I still remember his death in 1980. I remember the Manila Times front page picture of Jose Lingad’s lifeless body riddled by an assassin’s bullet—the Philippines’ first political casualty who had defiantly opposed the then-Marcos dictatorship. I remember being crestfallen hearing the news and wishing that I had had the chance to get to know him better. But in that one instant, gone was this bold and courageous politician who had once injected hope to a fragile Filipino psyche. It would be three years later that the world would reverberate with shock waves over Senator Benigno Aquino’s implausible assassination at the Manila Airport tarmac.
Jose B. Lingad of Lubao, Pampanga always intrigued me. At age 33, Mr. Lingad was elected governor of Pampanga in 1947; he groomed and mentored President Diosdado Macapagal; he served as Commissioner of Internal Revenue, Customs Commissioner, and Secretary of Labor. His last hurrah was again running, at the request of Senator Benigno Aquino, for the governorship of his province almost three decades after having served in the same position. Then he was silenced forever. But he was much more than a political figure to me. As fate would have it, Mr. Lingad and I were inexorably linked through a common bond—my father.
More correctly, I was linked through the filial bond both men once had in Bataan in 1942. They were the ultimate heroes for the United States and the Commonwealth of the Philippines during World War II: he an infamous guerilla leader and my father a United States Army Forces in the Far East (USAFFE) officer hunted down by the enemy.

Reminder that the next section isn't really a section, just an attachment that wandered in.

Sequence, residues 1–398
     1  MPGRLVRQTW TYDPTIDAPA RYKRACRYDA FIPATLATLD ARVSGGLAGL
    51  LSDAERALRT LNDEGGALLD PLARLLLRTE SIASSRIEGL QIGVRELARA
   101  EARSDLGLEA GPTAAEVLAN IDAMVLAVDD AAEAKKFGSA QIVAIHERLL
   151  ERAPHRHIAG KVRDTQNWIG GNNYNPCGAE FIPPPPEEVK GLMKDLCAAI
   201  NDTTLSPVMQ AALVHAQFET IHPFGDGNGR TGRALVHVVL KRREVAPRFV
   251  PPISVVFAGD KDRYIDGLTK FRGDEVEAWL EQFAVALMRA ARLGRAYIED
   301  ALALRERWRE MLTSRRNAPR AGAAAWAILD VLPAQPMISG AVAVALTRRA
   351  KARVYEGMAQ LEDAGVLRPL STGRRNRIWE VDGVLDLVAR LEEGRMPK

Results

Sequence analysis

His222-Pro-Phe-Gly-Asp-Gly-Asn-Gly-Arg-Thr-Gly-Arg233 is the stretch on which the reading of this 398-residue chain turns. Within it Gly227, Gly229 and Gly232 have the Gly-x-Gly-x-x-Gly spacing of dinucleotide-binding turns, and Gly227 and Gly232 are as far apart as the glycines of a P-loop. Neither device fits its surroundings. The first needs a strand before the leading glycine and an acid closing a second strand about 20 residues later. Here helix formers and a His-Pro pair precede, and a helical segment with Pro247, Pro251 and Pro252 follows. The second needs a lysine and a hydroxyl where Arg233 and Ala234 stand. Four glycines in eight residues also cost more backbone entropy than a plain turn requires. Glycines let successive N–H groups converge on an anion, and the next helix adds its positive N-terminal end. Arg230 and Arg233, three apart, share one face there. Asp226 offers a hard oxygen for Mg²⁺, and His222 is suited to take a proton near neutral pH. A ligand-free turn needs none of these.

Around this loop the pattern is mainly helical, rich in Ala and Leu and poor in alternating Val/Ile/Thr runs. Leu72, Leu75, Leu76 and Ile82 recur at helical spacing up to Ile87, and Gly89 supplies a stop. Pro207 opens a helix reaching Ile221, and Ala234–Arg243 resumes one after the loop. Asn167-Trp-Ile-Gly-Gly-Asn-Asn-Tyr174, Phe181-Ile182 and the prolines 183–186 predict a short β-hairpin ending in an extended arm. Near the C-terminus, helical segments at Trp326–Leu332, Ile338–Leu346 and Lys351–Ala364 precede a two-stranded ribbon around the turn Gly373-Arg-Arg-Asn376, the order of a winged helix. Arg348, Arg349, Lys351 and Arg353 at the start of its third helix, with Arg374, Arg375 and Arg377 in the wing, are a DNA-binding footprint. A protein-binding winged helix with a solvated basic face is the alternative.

I came across correspondence between both friends written in early 1951, as then-Pampanga Governor Lingad acknowledged: The hectic struggle that put us together seems only yesterday. Thank God we have survived such trials. I want to let you know that I have not forgotten those days. Sharing common fears and a common ideal make a closer friendship. …
Papa is 97-years-old now, a man weighed down with advancing age. He has had more physical limitations now and the young officer he once was is a fading memory. In 1951, Capt. Pineda of the Philippine Air Force was assigned to the Liaison Squadron at Fernando Air Base. He and my mother had conceived their second son in late 1950 and, in their desire to baptize this son, he reached out to the old friend he had met in Limay, Bataan, in 1942 at the “HQ II Phil. Corps.” Papa and Governor Lingad had become close friends there, bunkmates at the height of the war.
Papa wrote to his friend, We slept in one native bunk … same blanket, same mosquito net. It was there that we ate two straight meals each day, sometimes under the point of death because of the constant bombing during meal time. … Those were the days when our hearts became stronger & our mind (sic) began to think deeper. In the last phase of our stay there, we swore never to surrender to the Japanese in case of defeat.
I like to think that these were two noble warriors who served their country, the United States, with great courage under fire. The United States granted the Philippines its first independence a few years later, on July 4, 1946, but for over 40 years, the Philippines was a commonwealth of the United States.
Papa himself was there when Bataan fell in April 1942 and I remember his stories serving under General George Parker. At the height of the heavy bombardment between the defenders and the enemy, he recounted the miscalculations their own artillery had made and the tragic losses of friendly volleys hitting their own front lines, the masses of Filipino and American infantry who perished at their own hands. He had wanted to run close to the front lines to warn the soldiers and I sensed his frustration as he spoke.